Declared as India's first UNESCO World Heritage City, Ahmedabad or Amdavad is steeped in history and tradition. Offering a seamless blend of spectacular architecture of centuries-old mosques and contemporary avant-garde design, Gujarat's biggest city is a bustling cosmopolitan hub. Ahmedabad is divided into two parts, cut into distinct sections by the Sabarmati river. On the eastern bank of the river stands the quaint old quarter, which is marked by winding lanes throbbing with tradition and culture, and on the eastern side, is the sprawling new town that has created a niche for itself with world-class urban planning. Add to this a vibrant array of street-food and colourful bazaars, and Ahmedabad becomes a tourist hub where one would be spoilt for choices.

The old city, also known as the walled area, is characterised by pols (neighbourhoods), which are an ancient system of community-based housing. A 10-km-long wall with 12 gates, 189 bastions and over 6,000 battlements had once guarded the old city. Today, all that remains of this are the gates, each standing proudly with intricate carvings, calligraphy and some with extended balconies. While the eastern section boasts an old-world charm with ancient gates and colonial-era buildings dotting its landscape, the western region is marked by educational institutions, multiplexes and business districts.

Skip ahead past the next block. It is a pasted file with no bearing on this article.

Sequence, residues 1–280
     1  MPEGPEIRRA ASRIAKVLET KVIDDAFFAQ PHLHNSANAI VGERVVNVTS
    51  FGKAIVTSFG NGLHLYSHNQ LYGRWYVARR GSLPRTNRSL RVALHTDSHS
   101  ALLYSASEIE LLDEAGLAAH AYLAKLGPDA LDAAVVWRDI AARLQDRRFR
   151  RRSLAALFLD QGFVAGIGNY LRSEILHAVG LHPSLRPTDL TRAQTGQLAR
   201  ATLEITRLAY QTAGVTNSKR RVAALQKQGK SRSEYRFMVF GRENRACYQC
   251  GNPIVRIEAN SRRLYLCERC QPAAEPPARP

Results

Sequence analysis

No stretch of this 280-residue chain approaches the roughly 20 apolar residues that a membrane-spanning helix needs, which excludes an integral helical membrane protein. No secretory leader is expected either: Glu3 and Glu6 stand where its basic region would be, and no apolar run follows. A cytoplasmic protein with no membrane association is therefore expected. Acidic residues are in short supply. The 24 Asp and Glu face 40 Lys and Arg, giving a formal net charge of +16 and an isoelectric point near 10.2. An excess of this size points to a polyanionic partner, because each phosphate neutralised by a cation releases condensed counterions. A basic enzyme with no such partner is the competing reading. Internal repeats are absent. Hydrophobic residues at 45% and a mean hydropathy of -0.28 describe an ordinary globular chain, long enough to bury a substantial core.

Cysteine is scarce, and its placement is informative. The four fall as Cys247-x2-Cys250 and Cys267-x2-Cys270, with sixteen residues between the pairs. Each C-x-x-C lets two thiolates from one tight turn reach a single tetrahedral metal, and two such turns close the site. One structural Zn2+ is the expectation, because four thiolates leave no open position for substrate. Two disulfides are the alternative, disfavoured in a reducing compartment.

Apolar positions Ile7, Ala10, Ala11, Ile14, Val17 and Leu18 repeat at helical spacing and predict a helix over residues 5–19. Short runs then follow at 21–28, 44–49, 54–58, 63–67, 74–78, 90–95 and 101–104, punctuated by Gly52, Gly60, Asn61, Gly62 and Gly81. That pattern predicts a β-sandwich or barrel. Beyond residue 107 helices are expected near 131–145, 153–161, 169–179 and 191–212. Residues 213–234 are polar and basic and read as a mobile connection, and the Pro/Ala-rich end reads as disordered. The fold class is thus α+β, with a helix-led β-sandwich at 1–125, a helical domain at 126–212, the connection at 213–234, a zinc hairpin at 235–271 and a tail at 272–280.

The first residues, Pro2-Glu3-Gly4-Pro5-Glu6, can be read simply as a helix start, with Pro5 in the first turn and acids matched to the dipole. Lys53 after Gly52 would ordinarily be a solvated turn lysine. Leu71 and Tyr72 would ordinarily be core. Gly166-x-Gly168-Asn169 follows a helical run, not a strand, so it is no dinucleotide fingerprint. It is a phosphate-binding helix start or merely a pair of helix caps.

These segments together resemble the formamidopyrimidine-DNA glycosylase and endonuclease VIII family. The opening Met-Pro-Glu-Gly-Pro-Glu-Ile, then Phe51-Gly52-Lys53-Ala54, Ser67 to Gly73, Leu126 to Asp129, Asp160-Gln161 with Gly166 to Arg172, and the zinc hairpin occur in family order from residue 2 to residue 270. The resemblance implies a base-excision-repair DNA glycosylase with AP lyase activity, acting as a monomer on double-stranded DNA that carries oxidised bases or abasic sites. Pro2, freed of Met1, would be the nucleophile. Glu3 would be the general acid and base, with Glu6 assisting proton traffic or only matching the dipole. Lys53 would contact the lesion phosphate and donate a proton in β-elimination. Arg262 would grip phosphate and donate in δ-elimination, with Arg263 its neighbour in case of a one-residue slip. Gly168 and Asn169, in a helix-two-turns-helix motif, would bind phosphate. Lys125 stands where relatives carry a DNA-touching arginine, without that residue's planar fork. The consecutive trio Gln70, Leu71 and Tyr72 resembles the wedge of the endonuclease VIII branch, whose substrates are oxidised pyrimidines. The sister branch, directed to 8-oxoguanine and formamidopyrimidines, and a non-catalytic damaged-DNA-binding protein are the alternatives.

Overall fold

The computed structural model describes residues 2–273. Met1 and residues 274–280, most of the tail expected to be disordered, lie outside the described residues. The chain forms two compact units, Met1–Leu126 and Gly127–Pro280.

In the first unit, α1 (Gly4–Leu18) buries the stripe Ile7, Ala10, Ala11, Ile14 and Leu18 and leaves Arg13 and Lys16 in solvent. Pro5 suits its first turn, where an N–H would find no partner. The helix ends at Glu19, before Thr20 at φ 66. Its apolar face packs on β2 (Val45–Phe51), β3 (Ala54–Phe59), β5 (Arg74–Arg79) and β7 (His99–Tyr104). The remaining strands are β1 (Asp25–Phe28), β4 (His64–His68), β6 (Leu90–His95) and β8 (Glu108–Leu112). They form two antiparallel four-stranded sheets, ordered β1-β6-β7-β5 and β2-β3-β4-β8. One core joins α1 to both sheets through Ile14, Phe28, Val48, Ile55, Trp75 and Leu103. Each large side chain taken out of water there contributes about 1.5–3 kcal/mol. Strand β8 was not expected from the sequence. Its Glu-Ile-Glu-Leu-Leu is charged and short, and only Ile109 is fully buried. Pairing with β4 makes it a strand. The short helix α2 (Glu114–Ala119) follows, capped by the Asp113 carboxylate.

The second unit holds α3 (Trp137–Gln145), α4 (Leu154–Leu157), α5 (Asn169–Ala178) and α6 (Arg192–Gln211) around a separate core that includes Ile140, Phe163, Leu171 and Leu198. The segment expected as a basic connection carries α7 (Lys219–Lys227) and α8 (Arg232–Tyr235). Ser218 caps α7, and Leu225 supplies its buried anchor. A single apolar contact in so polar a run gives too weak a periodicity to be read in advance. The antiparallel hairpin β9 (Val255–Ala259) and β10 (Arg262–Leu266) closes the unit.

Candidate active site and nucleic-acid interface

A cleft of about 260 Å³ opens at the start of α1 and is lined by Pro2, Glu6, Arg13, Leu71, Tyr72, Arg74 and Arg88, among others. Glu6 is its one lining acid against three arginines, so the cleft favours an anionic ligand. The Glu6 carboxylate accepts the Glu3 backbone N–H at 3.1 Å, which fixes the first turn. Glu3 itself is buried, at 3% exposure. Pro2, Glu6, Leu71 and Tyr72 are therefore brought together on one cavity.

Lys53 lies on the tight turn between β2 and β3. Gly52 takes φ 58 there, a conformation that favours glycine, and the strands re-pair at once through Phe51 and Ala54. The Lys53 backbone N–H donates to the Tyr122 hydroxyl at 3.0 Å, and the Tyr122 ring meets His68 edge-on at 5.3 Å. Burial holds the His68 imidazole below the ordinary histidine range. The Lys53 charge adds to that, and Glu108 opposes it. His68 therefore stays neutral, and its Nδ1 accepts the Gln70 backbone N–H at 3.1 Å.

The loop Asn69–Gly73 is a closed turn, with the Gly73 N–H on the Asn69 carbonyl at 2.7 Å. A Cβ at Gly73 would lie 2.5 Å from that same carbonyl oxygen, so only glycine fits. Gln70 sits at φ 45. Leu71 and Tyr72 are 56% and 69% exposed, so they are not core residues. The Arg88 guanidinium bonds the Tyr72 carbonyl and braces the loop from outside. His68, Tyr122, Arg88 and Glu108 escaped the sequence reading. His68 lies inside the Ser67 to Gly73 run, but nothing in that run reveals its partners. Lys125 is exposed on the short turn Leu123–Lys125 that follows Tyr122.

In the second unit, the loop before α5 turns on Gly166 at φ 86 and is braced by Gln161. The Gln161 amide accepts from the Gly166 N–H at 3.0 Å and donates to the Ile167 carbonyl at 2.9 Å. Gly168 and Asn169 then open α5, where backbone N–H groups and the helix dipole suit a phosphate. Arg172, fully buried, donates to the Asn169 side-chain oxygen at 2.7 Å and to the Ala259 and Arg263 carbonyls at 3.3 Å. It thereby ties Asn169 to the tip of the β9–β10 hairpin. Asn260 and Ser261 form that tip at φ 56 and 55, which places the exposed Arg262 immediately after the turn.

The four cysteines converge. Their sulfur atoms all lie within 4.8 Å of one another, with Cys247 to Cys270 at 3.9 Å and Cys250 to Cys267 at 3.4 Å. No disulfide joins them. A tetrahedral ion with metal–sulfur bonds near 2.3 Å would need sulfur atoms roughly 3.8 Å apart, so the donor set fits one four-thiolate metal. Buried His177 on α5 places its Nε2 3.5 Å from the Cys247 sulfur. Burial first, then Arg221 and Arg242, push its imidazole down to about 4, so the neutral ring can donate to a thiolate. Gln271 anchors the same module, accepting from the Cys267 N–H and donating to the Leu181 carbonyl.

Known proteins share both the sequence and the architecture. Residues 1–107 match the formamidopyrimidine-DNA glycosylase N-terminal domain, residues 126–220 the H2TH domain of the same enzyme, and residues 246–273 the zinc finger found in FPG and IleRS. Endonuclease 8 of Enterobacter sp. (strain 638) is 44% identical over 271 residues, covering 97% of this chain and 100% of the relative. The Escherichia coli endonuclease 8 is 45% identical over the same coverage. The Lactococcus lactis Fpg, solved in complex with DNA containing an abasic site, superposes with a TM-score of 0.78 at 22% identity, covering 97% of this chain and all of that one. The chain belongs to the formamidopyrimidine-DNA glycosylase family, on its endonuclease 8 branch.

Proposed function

Ahmedabad was earlier known as Karnavati and the name was changed by Sultan Ahmed Shah, of the Muzaffarid dynasty, after 1411, when he conquered it from king Karandev I. Under Ahmed Shah, architects amalgamated Hindu craftsmanship with Persian architecture, giving rise to a unique Indo-Saracenic style. Many of the mosques here reflect this style.
While Ahmedabad served as Gujarat's capital from 1960 to 1970 (today the state capital is its twin city, Gandhinagar), it still houses the Gujarat High Court and is the state's financial centre. The city was also at the heart of India's struggle for independence from the British rule, with Mahatma Gandhi residing at Sabarmati Ashram here. It is also called the 'Manchester of East' for its thriving textile industry that has led Ahmedabad into the 21st century. The city is known for its grandeur and larger-than-life celebrations during Navratri, which is an open-air cultural and spiritual extravaganza.